The Education Mayor: Improving America's Schools

The Education Mayor: Improving America's Schools

The Education Mayor: Improving America's Schools

The Education Mayor: Improving America's Schools


In 2002 the No Child Left Behind Act rocked America's schools with new initiatives for results-based accountability. But years before NCLB was signed, a new movement was already under way by mayors to take control of city schools from school boards and integrate the management of public education with the overall governing of the city. The Education Mayor is a critical look at mayoral control of urban school districts, beginning with Boston's schools in 1992 and examining more than 100 school districts in 40 states.

The authors seek to answer four central questions: • What does school governance look like under mayoral leadership? • How does mayoral control affect school and student performance? • What are the key factors for success or failure of integrated governance? • How does mayoral control effect practical changes in schools and classrooms?

The results of their examination indicate that, although mayoral control of schools may not be appropriate for every district, it can successfully emphasize accountability across the education system, providing more leverage for each school district to strengthen its educational infrastructure and improve student performance. Based on extensive quantitative data as well as case studies, this analytical study provides a balanced look at America's education reform.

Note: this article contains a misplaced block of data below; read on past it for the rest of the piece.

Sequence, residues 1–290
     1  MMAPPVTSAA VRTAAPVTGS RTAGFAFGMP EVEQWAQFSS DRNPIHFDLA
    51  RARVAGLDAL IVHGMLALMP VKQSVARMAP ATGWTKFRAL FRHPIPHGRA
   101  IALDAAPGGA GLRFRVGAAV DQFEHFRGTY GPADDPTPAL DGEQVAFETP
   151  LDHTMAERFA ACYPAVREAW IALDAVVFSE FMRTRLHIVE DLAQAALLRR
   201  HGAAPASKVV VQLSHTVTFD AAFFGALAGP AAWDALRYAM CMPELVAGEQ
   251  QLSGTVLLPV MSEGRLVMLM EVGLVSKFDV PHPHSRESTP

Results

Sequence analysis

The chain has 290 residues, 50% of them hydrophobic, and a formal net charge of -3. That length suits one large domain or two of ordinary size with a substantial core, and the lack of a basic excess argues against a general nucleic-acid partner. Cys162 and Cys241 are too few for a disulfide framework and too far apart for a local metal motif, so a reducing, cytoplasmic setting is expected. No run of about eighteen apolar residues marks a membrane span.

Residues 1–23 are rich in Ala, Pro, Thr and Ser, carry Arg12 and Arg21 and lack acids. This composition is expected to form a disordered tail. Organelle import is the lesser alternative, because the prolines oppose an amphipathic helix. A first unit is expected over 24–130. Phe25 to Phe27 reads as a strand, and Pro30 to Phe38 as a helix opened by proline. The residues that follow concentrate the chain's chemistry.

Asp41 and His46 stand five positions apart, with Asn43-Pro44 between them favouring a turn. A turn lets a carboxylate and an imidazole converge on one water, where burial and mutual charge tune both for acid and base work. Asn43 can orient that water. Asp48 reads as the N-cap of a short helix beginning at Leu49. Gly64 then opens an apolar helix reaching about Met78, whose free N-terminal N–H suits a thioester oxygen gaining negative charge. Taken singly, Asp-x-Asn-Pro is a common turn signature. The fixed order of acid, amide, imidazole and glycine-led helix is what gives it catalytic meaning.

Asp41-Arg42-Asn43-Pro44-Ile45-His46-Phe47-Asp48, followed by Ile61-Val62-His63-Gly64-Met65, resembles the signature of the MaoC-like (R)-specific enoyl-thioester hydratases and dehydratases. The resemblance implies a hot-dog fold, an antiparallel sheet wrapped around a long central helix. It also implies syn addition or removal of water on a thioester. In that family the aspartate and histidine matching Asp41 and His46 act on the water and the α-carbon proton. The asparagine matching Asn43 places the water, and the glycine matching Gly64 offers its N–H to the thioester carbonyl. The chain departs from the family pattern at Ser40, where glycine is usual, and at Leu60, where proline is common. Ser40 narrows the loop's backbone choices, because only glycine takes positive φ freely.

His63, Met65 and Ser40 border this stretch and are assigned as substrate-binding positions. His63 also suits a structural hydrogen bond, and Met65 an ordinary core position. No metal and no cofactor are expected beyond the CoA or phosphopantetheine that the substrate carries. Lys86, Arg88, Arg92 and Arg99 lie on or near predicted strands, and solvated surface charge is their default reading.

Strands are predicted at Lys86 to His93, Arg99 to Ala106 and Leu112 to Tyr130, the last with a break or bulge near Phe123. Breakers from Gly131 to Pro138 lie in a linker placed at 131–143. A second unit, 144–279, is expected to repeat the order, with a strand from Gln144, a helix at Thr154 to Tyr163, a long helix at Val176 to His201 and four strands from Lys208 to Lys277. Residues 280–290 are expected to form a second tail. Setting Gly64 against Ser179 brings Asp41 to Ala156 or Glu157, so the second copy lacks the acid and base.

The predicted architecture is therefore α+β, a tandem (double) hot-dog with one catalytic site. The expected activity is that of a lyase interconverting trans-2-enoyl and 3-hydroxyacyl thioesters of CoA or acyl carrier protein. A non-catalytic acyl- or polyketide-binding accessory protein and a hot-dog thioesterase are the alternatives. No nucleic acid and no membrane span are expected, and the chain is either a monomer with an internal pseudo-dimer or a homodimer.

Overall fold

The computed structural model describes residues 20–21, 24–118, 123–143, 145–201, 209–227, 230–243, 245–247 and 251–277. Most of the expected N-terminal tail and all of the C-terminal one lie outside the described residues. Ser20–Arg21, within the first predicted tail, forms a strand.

As the first multidistrict empirical examination and most comprehensive overall evaluation of mayoral school reform, The Education Mayor is a must-read for academics, policymakers, educational administrators, and civic and political leaders concerned about public education.


From New York and boston to chicago and Washington, D.C., a new style of big-city mayor has emerged over the past decade. These mayors are no longer content to sit on the sidelines and watch as their cities’ schools struggle to educate their cities’ young people. These newstyle mayors believe in a straightforward, yet unconventional, idea of urban governance: City government should be held accountable for city schools. When city hall and the school district are jointly under the leadership of the mayor for accountability and management purposes, the new institutional arrangement may be characterized as “integrated governance.”

Though straightforward, holding the mayor accountable for school performance challenges our conventional understanding of educational governance. Citizens have traditionally looked to their mayor and city government to maintain a fire department, supply police protection, provide public works, and maintain the city’s parks. But citizens are not used to looking to their mayor when they think about their city’s schools. For public education, one thinks first of the school board and the district superintendent. in this book, we challenge this conventional paradigm. For citizens of large American cities who are dissatisfied with the state of their cities’ public education, it may be time to look beyond the school board and superintendent to the mayor’s office for a new style of educational governance and management.

The movement toward mayoral involvement in big-city schools restructures existing governance and politics. Few city hall officials have been intimately involved with the workings of the local school district. Beyond an annual budget allocation or occasional liaison meeting, city school districts typically operate in isolation from the rest of city government. Separate statutes, buildings . . .

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